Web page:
Until now, this third new season. After dumping companion Billie Piper (E: most of the time, The Doctor, in order to stave off the loneliness of being first a renegade and now the last of his kind, travels with a companion, sometimes human, sometimes not), Freema Agyeman came aboard, providing a pleasant change from Piper’s blonde, starry-eyed gooeyness. Note: despite numerous attempts otherwise, The Doctor is no good at romance. While pleasant, Freeman’s first episode (the first of this season) was uninspired. The second, a trip to meet Shakespeare and to offer an explanation for a missing play Loves Labours Won (no fiction here, this is a legit mystery) was equally weak. The third episode, however, titled “Gridlock”, was the first step to this series’ salvation.
Now, it’s understandably difficult to write dangerous situations for a character as smart as The Doctor, situations that seem truly dire, but not impossible. Seventy years of Superman comics is proof positive of that. The mystery of this episode was a capital-M mystery. Many episodes these past two years have been a repeating pattern of evil makes it self known, Doctor knows exactly what’s going on and how to fix it, and the tension is instead whether or not he can do so in time. Fortunately, that’s not what makes this guy so appealing. Of course he’ll fix it in time. The mystery is the matter: how dangerous, how interesting, how hard to solve. Since the third episode, I feel like I’m solving the problem WITH The Doctor rather than he acting as a Deus Ex Machina for his own stories and stealing away any real sense of discovery his audience might experience. And more than that… despite being 900+ years old in the body of a thirty-year-old, he’s starting to feel the wear of his existence and of this unspoken role as Doctor for the universe. He’s lonely and the companions now seem more important than ever. Excellent episodes this season have dug into the pain that he carries being so old and traveled and suddenly the last of his race. Mystery is the only thing he has left. Tennant has done with the Doctor that no one since Peter Davison has been able to do: make me thankful for him, while making me feel guilty for needing him.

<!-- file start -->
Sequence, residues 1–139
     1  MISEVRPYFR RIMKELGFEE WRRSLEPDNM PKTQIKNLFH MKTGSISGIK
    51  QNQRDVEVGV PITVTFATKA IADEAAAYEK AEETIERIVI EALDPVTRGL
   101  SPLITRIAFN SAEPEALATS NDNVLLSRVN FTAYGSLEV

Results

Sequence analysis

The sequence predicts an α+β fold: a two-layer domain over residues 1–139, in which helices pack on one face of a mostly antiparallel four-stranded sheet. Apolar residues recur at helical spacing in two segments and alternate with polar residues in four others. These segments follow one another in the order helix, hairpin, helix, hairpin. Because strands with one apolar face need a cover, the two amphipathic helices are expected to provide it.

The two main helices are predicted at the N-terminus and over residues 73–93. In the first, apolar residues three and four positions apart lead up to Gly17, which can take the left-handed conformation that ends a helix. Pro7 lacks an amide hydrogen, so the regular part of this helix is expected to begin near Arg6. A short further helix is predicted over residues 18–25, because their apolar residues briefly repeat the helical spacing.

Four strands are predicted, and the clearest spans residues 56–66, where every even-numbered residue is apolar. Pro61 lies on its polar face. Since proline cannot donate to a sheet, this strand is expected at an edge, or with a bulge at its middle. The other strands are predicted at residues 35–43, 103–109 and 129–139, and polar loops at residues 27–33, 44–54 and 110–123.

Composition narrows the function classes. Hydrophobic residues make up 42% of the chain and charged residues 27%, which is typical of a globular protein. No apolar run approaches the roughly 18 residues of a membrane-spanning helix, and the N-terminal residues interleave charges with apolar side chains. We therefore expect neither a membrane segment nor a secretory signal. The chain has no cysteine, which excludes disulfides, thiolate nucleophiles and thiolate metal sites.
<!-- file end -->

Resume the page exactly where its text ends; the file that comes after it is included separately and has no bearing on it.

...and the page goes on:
(I know that by not describing some of the episodes that really hit home, I’m making it more difficult to explain what I like and what I don’t like, but I’ve W’s own sense of mystery to consider.)
I feel similarly in that too much of the world is known to me. Lately, I’m less interested in realist fiction because there seems little mystery in it anymore. The only thing left is how people will react to how the world is rather than how the world can be. It’s become a sad repetition of emotional patterns. I need the fantastic at this point in my life because I need that mystery, I need to be forced to remember what potential is in fiction, what strange shit that I can just throw in because it interests me. While I should certainly limit myself to true, genuine reactions for my characters to have in the light of these worlds, I should not limit myself to the types of worlds they can react to.
But I also just love Doctor Who again, which I was afraid I was no longer capable of doing.
PS. He’s on a great number of occasions, saved the world while in his jimjams.